Episode 63 – An Introduction to Roleplaying Games (with Rev. Jason D. Wood) 2



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Reverend Jason D. Wood, a full-time pastor and gamer, joins Grant and Peter to help introduce roleplaying games to the curious! Jason writes for The Mad Adventurers Society as The Mad Cleric, giving out gaming advice and life advice for gamers in equal measure, and contributes to the Mad Adventurers’ Potelbat and Potelbat Yalp podcasts. (He’s most accessible on Twitter as @Wood_JasonD.)

Jason joins us for a very special episode: An introduction to roleplaying games for the curious and the uninitiated. As a sort of companion piece to our very first episode (“Are RPGs Evil?“), this episode is designed to be a resource for those who’ve never played before, and want to (or feel the need to) know more about them. We outline the general conceits of RPGs, explain system and setting, discuss why they’re so much fun, and elaborate on some of the positive benefits of roleplaying games. (In particular, we spend some time talking about The Bodhana Group; new listeners should listen to Episode 25, “Therapeutic Roleplaying (with Jack Berkenstock Jr.)” for more on that. They’re awesome.) Finally, we wrap up with some advice on getting started in roleplaying games, whether individually, as a family, or as a church activity.

Scripture: Proverbs 27:17, Mark 12:28-31, Luke 5:27-32, Romans 14:16


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2 thoughts on “Episode 63 – An Introduction to Roleplaying Games (with Rev. Jason D. Wood)

  • DJZachLorton

    This is a loaded question, and I wrestled with it before finally writing something…

    This only slightly related to the moral panic of the 1980s regarding RPGs. In my situation, it’s a little more complicated.

    I’m participating in a contest on RPGGeek.com where the assignment was to write a playset for Fiasco with a Mythical/Supernatural theme. I immediately thought of angels & demons.

    Here’s the rub. Wanting to avoid the idea of “playing” with evil spirits, I chose not to create something that would allow for the possibility that playing this playset would open the door to demonic activity. I know that demonic activity is very real, as I and several people I know have had to deal with demons attacking us and/or people we know. However, I have a very strong belief in the power of good to overcome evil, which is why I went ahead with this idea.

    So I took a comedic turn on it. The playset focuses on a group of demons who are the most inept, stupid, and sorry bunch to ever try anything evil. These are the guys who cause kittens to get stuck in trees, traffic lights to malfunction, and rain to temporarily ruin a picnic. Think Police Academy meets Stripes meets Dark Helmut from Spaceballs, but with demons. In order to hide their incompetence from themselves and keep them thinking that their superiors have the utmost respect for them, this force of idiots has been given the name Legio Et Exitia Ruina – The Legion of Total Destruction.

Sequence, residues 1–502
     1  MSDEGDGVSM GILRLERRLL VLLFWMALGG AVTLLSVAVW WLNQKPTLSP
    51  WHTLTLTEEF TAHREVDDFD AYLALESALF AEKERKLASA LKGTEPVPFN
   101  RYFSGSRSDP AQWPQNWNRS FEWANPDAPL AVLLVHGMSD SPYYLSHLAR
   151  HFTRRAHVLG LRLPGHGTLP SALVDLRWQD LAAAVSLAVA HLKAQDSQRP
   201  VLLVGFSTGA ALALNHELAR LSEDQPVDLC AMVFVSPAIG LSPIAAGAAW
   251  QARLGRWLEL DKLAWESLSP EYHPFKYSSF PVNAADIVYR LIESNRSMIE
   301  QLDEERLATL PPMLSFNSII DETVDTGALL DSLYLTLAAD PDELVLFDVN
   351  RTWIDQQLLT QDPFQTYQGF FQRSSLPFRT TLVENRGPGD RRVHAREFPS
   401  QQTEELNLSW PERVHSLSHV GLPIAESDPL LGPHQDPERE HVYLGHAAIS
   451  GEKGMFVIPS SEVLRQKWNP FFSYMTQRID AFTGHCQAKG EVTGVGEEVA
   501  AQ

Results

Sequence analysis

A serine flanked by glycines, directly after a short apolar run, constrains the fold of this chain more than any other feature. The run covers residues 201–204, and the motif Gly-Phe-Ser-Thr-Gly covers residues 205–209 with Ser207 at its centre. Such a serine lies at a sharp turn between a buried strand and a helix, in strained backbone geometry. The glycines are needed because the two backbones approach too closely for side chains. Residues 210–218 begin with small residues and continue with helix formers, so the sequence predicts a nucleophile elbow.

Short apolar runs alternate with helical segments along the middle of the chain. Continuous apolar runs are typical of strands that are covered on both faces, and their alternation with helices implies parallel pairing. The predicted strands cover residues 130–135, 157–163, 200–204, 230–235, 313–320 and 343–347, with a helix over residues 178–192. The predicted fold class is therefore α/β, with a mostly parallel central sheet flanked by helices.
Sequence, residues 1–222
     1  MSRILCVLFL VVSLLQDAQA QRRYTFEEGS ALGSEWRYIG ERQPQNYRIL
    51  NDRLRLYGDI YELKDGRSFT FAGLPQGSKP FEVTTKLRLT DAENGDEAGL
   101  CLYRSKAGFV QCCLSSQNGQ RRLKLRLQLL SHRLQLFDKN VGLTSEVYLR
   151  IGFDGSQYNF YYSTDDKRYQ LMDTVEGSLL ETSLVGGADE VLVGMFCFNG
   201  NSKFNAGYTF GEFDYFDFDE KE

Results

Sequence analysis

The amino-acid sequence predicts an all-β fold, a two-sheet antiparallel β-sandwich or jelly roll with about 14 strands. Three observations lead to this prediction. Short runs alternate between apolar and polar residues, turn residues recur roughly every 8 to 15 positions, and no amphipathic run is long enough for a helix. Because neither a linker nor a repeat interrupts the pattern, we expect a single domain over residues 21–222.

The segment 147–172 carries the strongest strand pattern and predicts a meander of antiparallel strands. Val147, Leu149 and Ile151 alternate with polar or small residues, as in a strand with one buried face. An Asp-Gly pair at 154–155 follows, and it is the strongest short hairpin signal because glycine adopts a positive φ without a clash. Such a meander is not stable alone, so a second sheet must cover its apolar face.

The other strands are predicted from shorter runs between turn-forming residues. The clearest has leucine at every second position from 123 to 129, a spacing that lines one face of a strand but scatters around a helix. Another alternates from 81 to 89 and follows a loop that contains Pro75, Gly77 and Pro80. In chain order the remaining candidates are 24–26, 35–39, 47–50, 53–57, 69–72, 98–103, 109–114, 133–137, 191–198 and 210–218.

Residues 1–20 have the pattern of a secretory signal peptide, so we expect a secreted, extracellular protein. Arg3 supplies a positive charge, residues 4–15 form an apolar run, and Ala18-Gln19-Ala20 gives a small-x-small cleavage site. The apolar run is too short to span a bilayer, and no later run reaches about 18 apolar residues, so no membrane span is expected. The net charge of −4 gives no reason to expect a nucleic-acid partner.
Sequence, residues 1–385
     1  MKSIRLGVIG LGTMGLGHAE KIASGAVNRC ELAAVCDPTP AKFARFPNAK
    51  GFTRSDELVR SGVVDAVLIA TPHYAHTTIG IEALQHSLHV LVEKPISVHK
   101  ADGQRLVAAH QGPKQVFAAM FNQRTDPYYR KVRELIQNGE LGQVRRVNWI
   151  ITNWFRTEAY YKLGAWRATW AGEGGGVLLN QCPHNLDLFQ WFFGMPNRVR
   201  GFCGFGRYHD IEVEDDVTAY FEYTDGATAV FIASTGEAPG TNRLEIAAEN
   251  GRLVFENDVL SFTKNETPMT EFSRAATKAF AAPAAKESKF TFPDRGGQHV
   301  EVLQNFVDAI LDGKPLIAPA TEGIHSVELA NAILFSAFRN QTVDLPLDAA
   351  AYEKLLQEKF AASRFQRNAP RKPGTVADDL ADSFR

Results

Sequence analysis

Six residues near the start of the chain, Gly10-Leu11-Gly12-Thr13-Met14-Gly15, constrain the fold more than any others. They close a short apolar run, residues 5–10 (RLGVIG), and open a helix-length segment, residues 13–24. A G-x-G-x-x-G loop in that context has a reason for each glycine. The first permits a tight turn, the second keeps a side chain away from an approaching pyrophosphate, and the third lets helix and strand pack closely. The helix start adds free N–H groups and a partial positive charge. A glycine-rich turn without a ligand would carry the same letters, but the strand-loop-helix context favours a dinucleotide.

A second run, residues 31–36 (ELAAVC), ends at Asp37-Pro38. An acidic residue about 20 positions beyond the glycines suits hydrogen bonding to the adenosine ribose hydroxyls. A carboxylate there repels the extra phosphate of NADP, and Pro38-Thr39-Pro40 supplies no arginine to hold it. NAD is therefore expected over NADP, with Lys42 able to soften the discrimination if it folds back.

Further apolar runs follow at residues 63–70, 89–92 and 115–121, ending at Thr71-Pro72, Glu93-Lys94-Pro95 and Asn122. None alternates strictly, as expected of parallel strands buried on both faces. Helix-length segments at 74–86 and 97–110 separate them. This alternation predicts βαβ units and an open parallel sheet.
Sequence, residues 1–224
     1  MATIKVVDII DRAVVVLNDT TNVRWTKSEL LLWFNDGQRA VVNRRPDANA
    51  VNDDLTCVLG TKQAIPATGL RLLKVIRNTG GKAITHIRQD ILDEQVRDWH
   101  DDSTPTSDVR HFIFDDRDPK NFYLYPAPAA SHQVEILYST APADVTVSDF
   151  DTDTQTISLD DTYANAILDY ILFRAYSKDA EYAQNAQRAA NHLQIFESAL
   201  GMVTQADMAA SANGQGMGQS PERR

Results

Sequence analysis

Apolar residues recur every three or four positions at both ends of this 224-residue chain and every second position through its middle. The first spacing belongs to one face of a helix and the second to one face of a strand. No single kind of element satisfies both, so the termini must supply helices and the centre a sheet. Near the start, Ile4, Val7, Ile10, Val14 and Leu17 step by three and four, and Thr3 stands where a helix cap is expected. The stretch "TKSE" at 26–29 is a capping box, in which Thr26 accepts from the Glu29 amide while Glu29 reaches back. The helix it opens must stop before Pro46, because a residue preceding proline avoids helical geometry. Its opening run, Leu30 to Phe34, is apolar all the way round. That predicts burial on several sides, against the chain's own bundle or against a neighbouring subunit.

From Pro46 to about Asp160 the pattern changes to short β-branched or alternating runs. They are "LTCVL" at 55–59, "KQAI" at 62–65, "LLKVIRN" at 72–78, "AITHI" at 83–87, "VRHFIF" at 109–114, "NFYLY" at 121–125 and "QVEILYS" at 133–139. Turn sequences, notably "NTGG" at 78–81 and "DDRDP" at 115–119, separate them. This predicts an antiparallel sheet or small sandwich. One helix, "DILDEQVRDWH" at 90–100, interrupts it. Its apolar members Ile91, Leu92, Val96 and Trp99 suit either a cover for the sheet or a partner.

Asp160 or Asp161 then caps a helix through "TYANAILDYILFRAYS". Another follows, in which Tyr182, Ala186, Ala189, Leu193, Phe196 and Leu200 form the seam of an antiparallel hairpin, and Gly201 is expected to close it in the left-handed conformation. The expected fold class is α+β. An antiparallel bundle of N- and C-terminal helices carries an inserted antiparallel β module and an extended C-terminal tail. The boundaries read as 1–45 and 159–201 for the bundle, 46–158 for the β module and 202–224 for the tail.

Knowing that context, what are your thoughts on this? I was very deliberate in choosing things that would steer the game towards comedy and slapstick rather than authenticity, so I know my motivation. but I wanted to get your take, based on what you’ve read here.

  • Ethan C.

    Thanks for another good episode, guys!

    RPGs have become very important to me over the past few years. I grew up always being fascinated by the idea of tabletop RPGs, but I never got to play until after college (at first due to my parents’ typical-for-the-time Evangelical suspicion of RPGs, and then later due to me not having the friends or outgoing personality to find fellow gamers).

    Here are several things that I think are especially good about RPGs as an artform and a social activity:

    1. As an artform, RPGs explore a vast variety of stories and themes. I could play a game about the bravery of fantasy heroes standing against a world-threatening evil, or about how technological advances could expose people to new forms of oppression, or about monsterous characters struggling against their own inclinations to evil, or about how the horrors of the Civil War affected common soldiers.

    2. RPGs invite a different interaction with these stories than other forms of media. Instead of watching characters respond to their circumstances and express their personalities, I get to actually make those choices myself in playing a character, and also respond creatively to the unpredictable choices made by my fellow players. This makes the narrative in the game both more memorable and immediate, and also gives me a sense of creative ownership in the story. I’m not just watching someone else’s story, I’m creating my own through play.

    3. RPGs are a wonderful way to build friendships and trust with people. Collaborating together on a story gives people a chance to open up and express their personalities safely. And the humor and entertainment of enjoying a story together is a powerful bonding agent, too.

    4. As I’ve dedicated more time to running and writing RPG scenarios, I’ve found it to be an incredible outlet for intellectual creativity. Figuring out how to combine story ideas with rule structures, learning how to leave space for players’ creativity, and coming up with interesting twists on classic plotlines are all fun intellectual challenges. And I get to indulge my love for research, too, as I incorporate real-world history into some of my scenarios.